Razor is a sharp user interface language, but it can also cut into our sensibilities and aesthetic code choices. ASP.NET ships with many HTML helpers to help reduce the amount of code we write to ship user interfaces, and for the most part, they work pretty well. With the latest version of ASP.NET, there are techniques we can use to reduce the noise in our views.

In this post, we’ll see how we can use the newly introduced DisplayNameForInnerType to clean up our views.


The DisplayAttribute ships as part of the System.ComponentModel.DataAnnotations library and allows us to decorate properties with user-facing names that may differ from the original property name.

public class Person
    [Display(Name = "Name")]
    public string FullName { get; set; }

In this example, we can see that our Person class has a property name of FullName but has a display name of Name. HTML helpers can use the attributes to build labels and display elements to our needs.

Assuming our view’s model is a Person, we can write the following in the view.

<label>@Html.DisplayNameFor(m => m.FullName);</label>

We will get the following result.


That’s great! We can also use the DisplayAttribute for other metadata values:

  • ShortName: used as a grid column label.
  • Description: used as a tooltip or description.
  • Prompt: used as a prompt or watermark.
  • GroupName: a group name for grouping fields on the UI.
  • Order: The order in which we display the field.

All of these properties can be the literal value or a resource key string.

The Issue With Enumerables

The example used above is the best-case scenario for our view models. Our model is flat with no arrays, but it becomes a little bit more complicated when we start to introduce collections. Let’s take a look at our IndexModel that powers our Razor page.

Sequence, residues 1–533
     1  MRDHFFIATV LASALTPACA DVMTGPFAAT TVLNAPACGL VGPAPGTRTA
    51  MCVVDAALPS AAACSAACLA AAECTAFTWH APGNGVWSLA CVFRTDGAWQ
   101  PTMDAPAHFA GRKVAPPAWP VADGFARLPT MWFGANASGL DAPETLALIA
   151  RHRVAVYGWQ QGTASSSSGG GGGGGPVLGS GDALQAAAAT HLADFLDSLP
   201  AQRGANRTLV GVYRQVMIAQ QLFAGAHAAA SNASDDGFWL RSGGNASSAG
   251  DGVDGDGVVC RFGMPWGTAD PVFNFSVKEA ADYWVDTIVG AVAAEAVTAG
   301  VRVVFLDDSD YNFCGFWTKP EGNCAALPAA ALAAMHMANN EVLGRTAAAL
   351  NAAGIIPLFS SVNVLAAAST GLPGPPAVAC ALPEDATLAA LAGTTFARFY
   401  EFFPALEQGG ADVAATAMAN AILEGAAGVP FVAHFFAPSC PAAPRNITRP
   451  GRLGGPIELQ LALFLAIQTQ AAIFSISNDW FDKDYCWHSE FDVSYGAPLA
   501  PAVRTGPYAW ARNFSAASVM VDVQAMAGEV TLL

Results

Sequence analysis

public class IndexModel : PageModel
    private readonly ILogger<IndexModel> _logger;

    public List<Person> People { get; set; }
        = new List<Person>();

    public IndexModel(ILogger<IndexModel> logger)
        _logger = logger;

    public void OnGet()

As we can see, the page model has a collection of Person objects. To get the display name for our FullName we may be tempted to write this in our Razor view.

<td>@Html.DisplayNameFor(m => m.People.First().FullName)</td>

The call will work but uses LINQ to traverse the object graph in a way that is repetitive and noisy. Let’s look at a better alternative. Newer versions of ASP.NET have introduced a DisplayNameForInnerType, which allows us to type the expression strongly without being beholden to the structure of our model.

<td>@Html.DisplayNameForInnerType((Person p) => p.FullName)</td>

It is crucial that our expression has a declared parameter type.

What’s happening inside of the extension method?

public string DisplayNameForInnerType<TModelItem, TResult>(
    Expression<Func<TModelItem, TResult>> expression
    if (expression == null)
    throw new ArgumentNullException(nameof(expression));

    var modelExpression = _modelExpressionProvider
        new ViewDataDictionary<TModelItem>(ViewData, model: null),

    return GenerateDisplayName(

ASP.NET uses an internal ModelExpressionProvider to create a new ViewDataDictionary with the specified model type and then uses the same code already used by other helpers.


So there we have it. We can now generate display names without the need for complicated LINQ expressions. What it means for us are cleaner views and, hopefully, less code. It’s a win/win situation for everyone.

I hope you enjoyed this post, and please leave a comment below.